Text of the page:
2024 Policy Priorities

Housing California’s 2024 Policy Priorities focuses on community members most in need of an affordable place to call home.

This includes people struggling to make ends meet and those experiencing homelessness or at risk of homelessness. We utilize multiple strategies to meet these goals, including reforming California’s laws and regulations regarding land use and finance, as well as innovative approaches to end homelessness. Housing California leads with the principles of equity, diversity, and inclusion to prioritize those who have been historically marginalized and/or neglected in decision-making processes, and we work in close collaboration with a variety of partners. These partners include non-profits, affordable housing developers, affordable housing residents and persons with lived experience, foundations, labor unions, trade associations, corporations, and supportive policymakers from a diverse set of backgrounds.

Our 2024 legislative priorities are listed below. As the legislative session progresses, please check this page for updates.

Other Priority Legislation

Support Bills

AB 1657 (Wicks)

Places a $10 billion bond on the November 2024 ballot to fund affordable housing development.

AB 1789 (Quirk-Silva)

Expands eligibility for HCD’s PRP, which finances rehabilitation of older, mostly deeply-targeted developments, to non-HCD projects.

AB 1820 (Schiavo)

Provides developers financial certainty and predictability when estimating the cost of local development impact fees on proposed housing projects.

AB 1932 (Ward)

Would provide an ongoing, dedicated state funding source for housing and homelessness prevention programs by eliminating the state mortgage interest deduction on vacation or second homes.

AB 2023 (Quirk-Silva)

Creates a rebuttable presumption of invalidity for housing elements deemed non compliant by HCD, raising the standard for jurisdictions to dispute or dismiss HCD’s determination of noncompliance.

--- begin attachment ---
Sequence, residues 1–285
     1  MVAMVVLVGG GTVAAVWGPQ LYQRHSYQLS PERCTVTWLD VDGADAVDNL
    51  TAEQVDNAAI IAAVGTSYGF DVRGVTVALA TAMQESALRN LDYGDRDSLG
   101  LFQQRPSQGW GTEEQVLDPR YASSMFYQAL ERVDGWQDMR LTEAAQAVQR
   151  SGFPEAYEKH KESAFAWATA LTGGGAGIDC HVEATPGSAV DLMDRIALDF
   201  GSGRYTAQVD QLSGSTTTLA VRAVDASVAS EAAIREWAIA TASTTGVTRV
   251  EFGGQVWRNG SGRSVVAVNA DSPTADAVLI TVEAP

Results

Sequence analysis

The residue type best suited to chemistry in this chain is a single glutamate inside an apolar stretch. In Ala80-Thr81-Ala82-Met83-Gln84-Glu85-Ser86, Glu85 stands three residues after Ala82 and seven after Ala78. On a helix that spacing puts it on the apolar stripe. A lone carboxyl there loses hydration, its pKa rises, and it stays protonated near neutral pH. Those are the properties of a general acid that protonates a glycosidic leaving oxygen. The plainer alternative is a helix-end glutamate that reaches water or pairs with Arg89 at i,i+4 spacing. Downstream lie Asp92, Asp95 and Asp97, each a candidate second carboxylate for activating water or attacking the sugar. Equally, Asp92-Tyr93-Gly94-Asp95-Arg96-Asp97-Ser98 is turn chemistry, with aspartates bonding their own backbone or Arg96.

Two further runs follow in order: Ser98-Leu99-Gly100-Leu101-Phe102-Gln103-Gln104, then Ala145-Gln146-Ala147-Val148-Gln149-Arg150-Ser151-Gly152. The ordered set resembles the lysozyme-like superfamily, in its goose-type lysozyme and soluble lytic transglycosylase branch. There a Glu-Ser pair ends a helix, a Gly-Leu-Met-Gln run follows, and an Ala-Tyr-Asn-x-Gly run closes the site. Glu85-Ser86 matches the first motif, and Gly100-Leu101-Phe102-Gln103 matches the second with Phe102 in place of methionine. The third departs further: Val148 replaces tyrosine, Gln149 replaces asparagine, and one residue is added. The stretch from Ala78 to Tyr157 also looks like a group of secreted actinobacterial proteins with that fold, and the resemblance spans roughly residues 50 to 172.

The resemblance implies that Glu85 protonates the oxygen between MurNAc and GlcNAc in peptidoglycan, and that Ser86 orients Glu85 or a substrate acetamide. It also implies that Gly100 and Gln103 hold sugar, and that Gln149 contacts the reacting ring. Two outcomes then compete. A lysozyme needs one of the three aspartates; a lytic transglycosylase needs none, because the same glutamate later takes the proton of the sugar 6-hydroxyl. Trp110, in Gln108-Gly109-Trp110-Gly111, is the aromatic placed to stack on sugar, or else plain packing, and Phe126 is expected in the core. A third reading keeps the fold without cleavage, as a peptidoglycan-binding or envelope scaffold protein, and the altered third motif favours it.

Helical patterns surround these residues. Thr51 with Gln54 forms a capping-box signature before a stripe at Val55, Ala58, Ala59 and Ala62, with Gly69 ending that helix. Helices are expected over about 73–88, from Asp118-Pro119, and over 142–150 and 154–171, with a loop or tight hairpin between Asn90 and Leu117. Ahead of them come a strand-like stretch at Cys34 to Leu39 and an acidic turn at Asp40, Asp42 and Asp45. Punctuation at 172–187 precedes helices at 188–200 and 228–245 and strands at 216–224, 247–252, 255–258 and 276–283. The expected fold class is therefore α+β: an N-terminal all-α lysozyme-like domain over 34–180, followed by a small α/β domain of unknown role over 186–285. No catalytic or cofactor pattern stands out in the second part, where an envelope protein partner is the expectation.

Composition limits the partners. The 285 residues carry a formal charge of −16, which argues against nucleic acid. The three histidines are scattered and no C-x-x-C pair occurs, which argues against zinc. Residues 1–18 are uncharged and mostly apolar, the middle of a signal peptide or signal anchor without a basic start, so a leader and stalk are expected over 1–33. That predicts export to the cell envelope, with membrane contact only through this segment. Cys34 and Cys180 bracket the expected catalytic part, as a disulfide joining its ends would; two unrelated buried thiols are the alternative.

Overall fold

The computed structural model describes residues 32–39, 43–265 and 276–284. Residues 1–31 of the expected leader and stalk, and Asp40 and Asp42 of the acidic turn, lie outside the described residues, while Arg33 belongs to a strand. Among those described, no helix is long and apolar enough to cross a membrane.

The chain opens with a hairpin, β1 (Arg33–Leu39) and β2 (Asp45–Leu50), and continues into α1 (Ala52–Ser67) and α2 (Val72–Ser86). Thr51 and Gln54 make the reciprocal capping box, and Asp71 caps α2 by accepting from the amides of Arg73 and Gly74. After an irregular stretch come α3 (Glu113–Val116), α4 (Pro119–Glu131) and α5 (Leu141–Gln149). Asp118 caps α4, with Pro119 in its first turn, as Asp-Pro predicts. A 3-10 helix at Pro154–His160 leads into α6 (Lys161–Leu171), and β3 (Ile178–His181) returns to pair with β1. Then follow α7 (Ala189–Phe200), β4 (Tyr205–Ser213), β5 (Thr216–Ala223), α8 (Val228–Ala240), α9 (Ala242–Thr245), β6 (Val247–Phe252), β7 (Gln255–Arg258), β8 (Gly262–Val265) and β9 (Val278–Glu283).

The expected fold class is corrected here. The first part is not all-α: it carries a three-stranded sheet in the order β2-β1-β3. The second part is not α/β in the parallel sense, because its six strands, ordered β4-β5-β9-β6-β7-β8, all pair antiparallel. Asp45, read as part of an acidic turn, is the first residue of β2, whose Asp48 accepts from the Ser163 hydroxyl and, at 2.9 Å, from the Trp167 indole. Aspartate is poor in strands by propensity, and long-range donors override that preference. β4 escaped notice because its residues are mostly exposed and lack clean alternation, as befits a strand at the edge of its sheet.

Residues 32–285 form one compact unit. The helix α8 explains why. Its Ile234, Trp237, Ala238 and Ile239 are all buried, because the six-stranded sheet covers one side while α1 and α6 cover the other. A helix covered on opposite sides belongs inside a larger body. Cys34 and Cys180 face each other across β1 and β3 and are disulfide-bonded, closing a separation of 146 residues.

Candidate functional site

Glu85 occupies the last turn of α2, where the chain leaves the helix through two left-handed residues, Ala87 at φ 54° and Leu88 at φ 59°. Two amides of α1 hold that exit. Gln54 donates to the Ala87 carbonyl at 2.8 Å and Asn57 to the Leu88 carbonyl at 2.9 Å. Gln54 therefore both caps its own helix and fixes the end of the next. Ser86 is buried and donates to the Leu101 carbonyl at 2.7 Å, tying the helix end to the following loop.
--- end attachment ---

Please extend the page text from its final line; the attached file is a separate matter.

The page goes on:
AB 2304 (Lee)

Deals with masking evictions to protect credit reporting history.

AB 2347 (Kalra)

Eliminates the presumption that if a landlord says they served the tenant an eviction notice that they actually did, among other things.

AB 2353 (Ward)

Allows affordable housing developers to withhold property tax payments without penalty while their welfare exemption applications are pending.

AB 2835 (Gabriel)

Would help secure hotel and motel rooms for unhoused families by protecting hotels and motels’ authority to manage the occupancy of those rooms.

AB 2926 (Kalra)

In the one-year period before an owner of affordable housing proposes to convert to market-rate, requires an owner who receives a purchase offer from an affordable housing developer for full market value to either accept the offer or re-restrict the property.

AB 3160 (Gabriel)

Would increase affordable housing production by making permanent the enhanced state Low-Income Housing Tax Credit (Housing Credit).

AB 3242 (Luz Rivas)

Would establish the Commission on Cutting Red Tape, to identify administrative obstacles in governmental procedures.

SB 1187 (McGuire)

Would enact the Tribal Housing Reconstitution and Resiliency Act and would create the Tribal Housing Grant Program Trust Fund.

SB 1201 (Durazo)

Requires LLCs to disclose the human owner behind the business.

SB 1361 (Blakespear)

Clarifies that actions by local agencies taken to provide services for people experiencing homelessness are exempted from the California Environmental Quality Act (CEQA).

SB 1395 (Becker)

Empowers local governments who want to address our unsheltered homelessness crisis by building more interim housing do so more quickly and efficiently.

Oppose Bills

SB 1011 (Jones)

This bill would prohibit under state penal code the act of sitting, lying, sleeping, or storing personal property on any street or sidewalk if a homeless shelter is “available.”

SB 1438 (Niello)

This bill would provide an exemption for the eviction prohibition guidelines in Housing First.

AB 2417 (Hoover)

This bill would would repeal Housing First policies and related requirements.

AB 3186 (Petrie-Norris)

Would require access to records relating to prevailing wages from each contractor or subcontractor working on a public works project, as defined.

AB 3190 (Haney)

Adds tax credits to the definition of “paid for in whole or in part out of public funds” for purposes of defining what constitutes public works projects.


Housing California continues to co-lead and participate in a broad, multi-sector budget coalition. We finalized our shared budget request letter here. Housing California finalized a joint budget letter on homelessness funding as part of the Bring California Home coalition, with the California State Association of Counties, League of California Cities, and the Big City Mayors. Read the joint letter here.